Home – New Forums Logistics Shipping cost for wholesale & minimum order quantity

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  • #979382
    EmbalmSkincare
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    Good morning everyone,

    I’m currently in the process of setting my website up for wholesale additionally to the regular online shop and trying to work out how to charge the retailers for shipping.

    So far, I have not dealed with a retailer and don’t know whether they’d expect free shipping or not. One thing I couldn’t afford.

    I will need to use Australia Post for the time being. Could someone please tell me if I should charge a flat fee and if so, how much?

    Also, I need to work out my minimum order quantity. I currently have a range of 5 products and wanted to make the minimum order quantity 1 unit (box of 10) of each product. But I think that’s a bit too much.
    Could someone please tell me what you think about minimum order quantity?

    Should I set a minimum order quantity of 3 units?

    Thank you in advance!

    Kind regards,
    Mel

    #1113905
    createdevelop
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    For shipping costs, one thing we do know is that free shipping works very well as a motivator and as a reason that people will buy online. It really comes down to what your competitors are offering, as people will price compare frequently.

    If you do have to charge for shipping, a flat fee works best if you have minimum order quantities. Otherwise, as long as you are up front about your shipping pricing you should be ok.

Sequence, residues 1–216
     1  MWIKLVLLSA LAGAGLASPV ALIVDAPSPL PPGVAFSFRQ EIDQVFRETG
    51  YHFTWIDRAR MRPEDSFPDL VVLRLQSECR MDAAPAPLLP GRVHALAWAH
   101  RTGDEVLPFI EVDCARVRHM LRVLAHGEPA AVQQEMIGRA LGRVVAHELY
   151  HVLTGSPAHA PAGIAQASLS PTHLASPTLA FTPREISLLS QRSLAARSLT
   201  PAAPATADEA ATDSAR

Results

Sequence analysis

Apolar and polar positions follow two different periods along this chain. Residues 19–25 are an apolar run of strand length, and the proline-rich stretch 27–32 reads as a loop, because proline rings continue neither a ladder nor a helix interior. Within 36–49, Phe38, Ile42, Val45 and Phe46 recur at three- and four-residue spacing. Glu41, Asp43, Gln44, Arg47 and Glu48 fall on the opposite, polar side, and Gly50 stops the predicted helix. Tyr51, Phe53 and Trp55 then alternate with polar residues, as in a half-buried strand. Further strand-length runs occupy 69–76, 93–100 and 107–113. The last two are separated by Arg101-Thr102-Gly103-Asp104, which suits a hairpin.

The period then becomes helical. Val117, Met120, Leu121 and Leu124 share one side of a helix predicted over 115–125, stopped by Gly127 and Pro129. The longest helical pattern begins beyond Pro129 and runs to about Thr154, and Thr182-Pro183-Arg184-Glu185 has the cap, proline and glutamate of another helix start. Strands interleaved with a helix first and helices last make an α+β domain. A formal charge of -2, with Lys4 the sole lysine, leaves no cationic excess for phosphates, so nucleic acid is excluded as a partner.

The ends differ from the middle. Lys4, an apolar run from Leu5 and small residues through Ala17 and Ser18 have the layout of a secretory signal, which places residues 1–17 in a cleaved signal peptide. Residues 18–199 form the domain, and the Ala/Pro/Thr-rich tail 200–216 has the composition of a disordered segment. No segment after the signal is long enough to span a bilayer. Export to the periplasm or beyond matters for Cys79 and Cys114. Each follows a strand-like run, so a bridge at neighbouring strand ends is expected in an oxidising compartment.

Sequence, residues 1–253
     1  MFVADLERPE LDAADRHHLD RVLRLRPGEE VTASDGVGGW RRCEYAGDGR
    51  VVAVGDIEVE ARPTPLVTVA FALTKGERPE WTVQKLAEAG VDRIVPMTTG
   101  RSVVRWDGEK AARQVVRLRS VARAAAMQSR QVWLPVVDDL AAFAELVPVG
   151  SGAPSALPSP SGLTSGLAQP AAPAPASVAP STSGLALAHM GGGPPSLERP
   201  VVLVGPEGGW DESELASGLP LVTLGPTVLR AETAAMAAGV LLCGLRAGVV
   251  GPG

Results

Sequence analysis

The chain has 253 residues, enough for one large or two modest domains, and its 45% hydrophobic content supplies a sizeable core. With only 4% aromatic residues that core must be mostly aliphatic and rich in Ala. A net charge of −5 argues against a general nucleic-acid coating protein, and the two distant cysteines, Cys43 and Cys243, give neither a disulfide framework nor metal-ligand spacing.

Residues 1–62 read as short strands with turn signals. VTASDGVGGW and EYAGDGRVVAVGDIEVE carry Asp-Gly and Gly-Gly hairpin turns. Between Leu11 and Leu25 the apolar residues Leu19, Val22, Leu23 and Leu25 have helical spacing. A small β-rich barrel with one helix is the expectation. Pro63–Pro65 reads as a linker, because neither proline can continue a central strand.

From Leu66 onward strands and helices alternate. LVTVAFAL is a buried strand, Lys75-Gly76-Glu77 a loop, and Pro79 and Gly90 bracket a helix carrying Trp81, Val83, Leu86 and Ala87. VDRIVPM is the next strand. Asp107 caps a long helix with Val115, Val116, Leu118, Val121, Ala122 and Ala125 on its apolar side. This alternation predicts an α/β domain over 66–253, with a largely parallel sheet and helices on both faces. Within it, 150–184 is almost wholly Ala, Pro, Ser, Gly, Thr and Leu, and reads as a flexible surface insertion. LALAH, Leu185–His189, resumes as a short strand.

Obviously the minimum quantities will depend on the value of your items, and what the industry average is. Having minimums will deter the tire kickers, or the smaller (more painful?) operations.

    #1113906
    Anonymous
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    Hi Mel,

    What kind of retailers are you thinking of?

    I’m not sure about other channels, but in my experience in health food and pharmacy wholesaling, an opening order of 50 skincare products PLUS freight charges would be far too much risk for most retailers to consider – especially from an unknown brand. (If you go into a local retailer near you – even a very large one, you will see that they are rarely carrying that much stock on their shelves, even of the well-known and popular brands).

    I recommend you look at an opening order that is a mixed buy, probably including two of each product (or two of most, but four of the most popular), and get it packaged up in an eye-catching but compact counter unit.

    You are right to be concerned about the freight charge. You may find that some retailers won’t order from you because of it, and others will increase the selling price of your products to cover it. It would be best to do some research in the specific retail channel you’re considering to determine what the industry expectations are and aim to meet them.

    Another option you could consider is finding a distribution agency that retailers in your industry already buy from, and trying to get them to range the product. They will eat into your profit margins, but should also increase the number of units you sell (assuming you give them the marketing support they need). In HF and pharmacy many retailers prefer to buy their stocks of the smaller ranges from the distributors as it removes the freight issue for them.

    Hope that helps,
    Jayne

    #1113907
    MyGreatIdea
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    Hi Mel

    Another incentive to offer retailers is an open return for first orders.

    Since your product is new and they will (rightfully) be wary of overstocking, offer them a return and refund of unsold stock within the first say month, three months, any term you choose, of their first order. But first order only. And only use it if they seem to be baulking at the fact that it’s a new product.

    This will give them a safety net. But you will need to ensure that your marketing will drive customers to their store. Chances are, if you can send enough customers to them, they won’t use the offer of return anyway, even if they do have stock left.

    Just a thought

    Wendy :)

    #1113908
    EmbalmSkincare